I don’t know if we as fans fully understand or appreciate the power we have. Some companies will do anything possible for our acceptance, while others will stubbornly ignore our request to their detriment. That being said we have a unique responsibility to not only hold whom we cheer for accountable but to be fair while doing so. The last part is what worries me in light of how social media has given the average fan more power than they know what to do with.
Fans really aren’t suppose to be fair and unbiased by nature. We will cheer for our favorite teams and athletes till the final buzzer while rooting for the downfall of the opposing players. Sure it doesn’t sound that bad. But once you add in the constant heckling, badmouthing, and sheer disrespect for the opponents fans can have then things get edgy. Let’s not forget others fans who force you to claim allegiance to only the team they’re rooting for and none other. I had a problem as a kid with this before I realized it. Growing up in Chicago in the 90s meant Michael Jordan and the Chicago Bulls was everything to me. So that naturally meant I was groomed to hate the “Bad Boy” Detroit Pistons in which I did, despite me being around 2-5 years old during their prime. I heard my dad complain enough about Isiah Thomas that I thought he was worse than any villain from wrestling who scared me (Papa Shango and the return of Bob Backlund comes to mind). So while I jumped on board the hate train for the Pistons, there was one team I couldn’t purchase a ticket.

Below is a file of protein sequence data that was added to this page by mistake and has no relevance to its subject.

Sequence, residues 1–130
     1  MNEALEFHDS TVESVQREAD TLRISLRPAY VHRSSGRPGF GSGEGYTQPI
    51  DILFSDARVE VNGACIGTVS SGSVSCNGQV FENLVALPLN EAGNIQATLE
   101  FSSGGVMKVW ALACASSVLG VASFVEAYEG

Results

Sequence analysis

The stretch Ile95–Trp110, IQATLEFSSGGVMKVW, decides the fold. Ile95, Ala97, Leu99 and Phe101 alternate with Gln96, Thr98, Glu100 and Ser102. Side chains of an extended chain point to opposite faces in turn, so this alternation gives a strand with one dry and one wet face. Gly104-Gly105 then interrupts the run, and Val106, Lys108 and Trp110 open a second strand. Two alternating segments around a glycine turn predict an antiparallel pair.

The New York Knicks were arguably the toughest challenges the Bulls overcame in their first 3-peat. The fights they had are sketched into my brain as they emulated many things the Pistons did to the Bulls. So it would make sense for me to hate them just as much as the Pistons right…RIGHT? Well those Knicks teams from the 90s are still 1 of my favorite teams in basketball history. Patrick Ewing and John Starks are 2 of my favorite players. I just enjoyed watching them play until Jordan was their opponent. I remember telling my dad I like the Knicks except for when they play the Bulls and he just looked at me like “How is that possible?” I didn’t know how to answer that question myself. Apparently I liked John Starks so much my family was picking on him during a game and being the young fan as I was I began to cry. Wow, that story till gets brought up this day.
That story always reminds me that being a fan can be exhausting and uncomfortable at times. It’s not easy to be the only person cheering or liking someone no one else seems to care for. But that also makes being a fan special, despite what others think you still root for the person or team you like and that’s all that matters. So in theory fans are supposed to go against logic at times too. Well that brings up another problem.
In the first paragraph I mentioned that social media gives the average fan more power than it knows what to do with. Why is that the case? Because now they have a platform to rant and rave about their fanatical views to a broader audience they’ve ever had before. This makes it easier for people to find others who’ll validate their points and create much stronger fan clubs or worse hate clubs. Hate clubs are hilariously horrible for the simple fact people feel their criticism is not only validated but needed. They’re no longer just a fan of their favorite player but now the needed critic to their favorite player’s rival.